Govt may Fall Short of Sales Target in Spectrum Auction Availability of airwaves in market, absence of continuity challenges & higher base price may affect demand
Kolkata: The upcoming spectrum sale is likely to elicit lukewarm response as there is no real compulsion for India’s top telcos to bid irrationally since there are ample airwaves in the market and no business continuity challenges. The 700 MHz band, considered best for 4G, could have drawn strong interest, but the base price suggested by the sector regulator is considered too expensive by industry and analysts, despite the easier financing terms proposed.
They feel that the purely need-based bidding could see the government rake in fairly modest auction proceeds, way below the over .₹ 160,000 crore it expects to generate from the sale, as per Budget estimates. Of this, the estimates factor in roughly .₹ 50,000 crore as upfront payment this year, which started on April 1, or 25-33% of the total proceeds, as per current rules.
But while sticking to its reserve price of .₹ 11,485 crore a unit for pan-India 700 MHz bandwidth, the regulator on Monday offered an easier payment structure — 10% upfront and the rest spread over 18 years equally, including interest — to reduce the financial burden of carriers and encourage bidding. This proposal, still to be accepted by the telecom department, however, didn’t enthuse industry and analysts.
“It’s unlikely the government will achieve the budgeted amounts from auction proceeds, given the pricing of 700 MHz airwaves and the fact that this isn’t a do-or-die situation for telcos, unlike previous auctions,” said Prashant Singhal, global telecommunications leader at consultancy firm E&Y India.
He added that the easing of spectrum payment terms suggested by the Telecom Regulatory Authority of India (Trai) won’t boost telco appetite for the 700 MHz band since there is no
More than a third of the 2,142 MHz spectrum on offer fall in But base price for the 700 MHz band is considered too expensive by industry and analysts
business case at the proposed price of 5 MHz pan-India block at .₹ 57,425 crore, more than half of the entire proceeds of the last auction. “A telco buying such spectrum would need to raise data service charges by at least 30-40% to make any money, but that won’t happen since it would lead to a sharp reduction in usage since data pricing, unlike voice, remains (price) elastic in India,” Singhal said.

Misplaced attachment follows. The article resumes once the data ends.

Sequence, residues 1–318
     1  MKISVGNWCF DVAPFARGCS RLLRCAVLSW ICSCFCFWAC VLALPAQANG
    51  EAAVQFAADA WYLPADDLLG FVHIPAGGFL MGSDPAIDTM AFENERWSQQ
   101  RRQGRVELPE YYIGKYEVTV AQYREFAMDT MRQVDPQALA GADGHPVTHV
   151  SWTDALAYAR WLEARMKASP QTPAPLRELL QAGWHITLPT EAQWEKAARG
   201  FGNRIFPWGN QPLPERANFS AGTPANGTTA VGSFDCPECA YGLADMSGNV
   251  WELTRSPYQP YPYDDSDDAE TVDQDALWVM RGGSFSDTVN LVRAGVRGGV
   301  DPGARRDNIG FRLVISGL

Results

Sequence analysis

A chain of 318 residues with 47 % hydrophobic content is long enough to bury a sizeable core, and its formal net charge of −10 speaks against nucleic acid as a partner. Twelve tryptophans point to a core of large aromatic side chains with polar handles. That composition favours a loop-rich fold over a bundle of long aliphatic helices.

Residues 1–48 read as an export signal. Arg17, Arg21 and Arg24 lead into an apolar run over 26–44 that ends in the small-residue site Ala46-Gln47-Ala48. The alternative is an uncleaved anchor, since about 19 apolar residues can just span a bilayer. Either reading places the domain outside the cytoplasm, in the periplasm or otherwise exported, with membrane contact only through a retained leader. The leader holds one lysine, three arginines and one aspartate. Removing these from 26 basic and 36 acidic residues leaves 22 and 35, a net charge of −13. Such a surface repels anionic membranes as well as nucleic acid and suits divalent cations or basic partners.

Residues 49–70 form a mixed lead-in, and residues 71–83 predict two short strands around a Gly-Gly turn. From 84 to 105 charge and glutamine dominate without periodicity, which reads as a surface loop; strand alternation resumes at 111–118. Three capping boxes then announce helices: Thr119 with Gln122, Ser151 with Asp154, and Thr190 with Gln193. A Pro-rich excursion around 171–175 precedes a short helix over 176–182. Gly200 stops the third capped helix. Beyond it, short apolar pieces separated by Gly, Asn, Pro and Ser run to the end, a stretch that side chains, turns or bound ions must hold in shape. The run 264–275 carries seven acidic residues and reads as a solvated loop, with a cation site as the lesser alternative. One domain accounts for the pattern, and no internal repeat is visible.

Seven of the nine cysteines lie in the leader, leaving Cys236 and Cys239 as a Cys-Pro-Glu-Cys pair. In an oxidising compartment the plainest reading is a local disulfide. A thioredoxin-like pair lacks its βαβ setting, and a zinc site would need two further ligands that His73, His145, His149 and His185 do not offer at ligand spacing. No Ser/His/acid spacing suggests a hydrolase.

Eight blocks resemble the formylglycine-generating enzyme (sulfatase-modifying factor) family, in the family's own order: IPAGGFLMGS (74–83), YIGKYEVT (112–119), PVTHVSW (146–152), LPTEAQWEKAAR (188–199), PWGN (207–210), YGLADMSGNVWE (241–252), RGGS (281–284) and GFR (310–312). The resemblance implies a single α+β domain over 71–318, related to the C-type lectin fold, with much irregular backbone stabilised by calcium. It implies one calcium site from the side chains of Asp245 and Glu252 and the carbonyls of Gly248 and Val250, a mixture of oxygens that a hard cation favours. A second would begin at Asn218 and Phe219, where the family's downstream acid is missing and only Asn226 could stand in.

Also, a potential buyer of a pan-India 5 MHz block of 700 MHz spectrum would be forced to annually fork out nearly .₹ 8,000 crore by way of interest and amortisation charges over a19-year span, he added.
Rajan Mathews, director general of GSM industry body Cellular Operators Association of India (COAI), called the suggested pricing of 700 MHz airwaves “prohibitive”. COAI represents telco biggies Bharti, Vodafone, Idea and 4G newcomer Reliance Jio, among others.
“Bidders opting for a longer payment tenure, would have to potentially spread out their service tax liability over a 19-year span as well, which would undoubtedly increase the real cost of spectrum acquisition,” Mathews said.
Success of the next auctions depends hugely on the 700 MHz band, since it accounts for more than a third of the 2,142 MHz spectrum proposed by Trai to be sold, and nearly three-fourths of the 5.4 lakh crore that the government could generate if all spectrum on offer is sold at base price.
“Gone are the days of .₹ 80,000-90,000 crore total collections,” a top executive of a leading telco told ET, indicating government collections will be far less than in previous years.
The March 2015 auction fetched the government a record .₹ 110,000 crore from the sale of 418 MHz of airwaves across four frequency bands. And back in February 2014, the Centre raised over .₹ 61,000 crore by auctioning 431 MHz, mostly in the lucrative 900 MHz band.
But in both, some of the top telcos faced must-win situations as their permits were coming up for renewal, thus resulting in aggressive bidding to protect their investments.
But this time around, no major carrier faces business continuity issues. In fact, Bharti Airtel and Reliance Jio Infocomm have got adequate data spectrum and a pan-India 4G spectrum footprint, which limits their need to bid.
Vodafone India and Idea Cellular are the only two among major players who need to beef up data airwave holdings, with 4G bandwidth in five and 10 circles, respectively.
But given the comfortable situation of its main rivals and the ample quantity and spread of bandwidth to be put up, bidding is likely to be rational, say analysts. Trai has suggested that the government in July auction a record 2,142 MHz of spectrum across the 4G bands of 700 MHz, 800 MHz, 1800 MHz, 2300 MHz and 2500 MHz bands, and 3G airwaves in the 2,100 MHz band.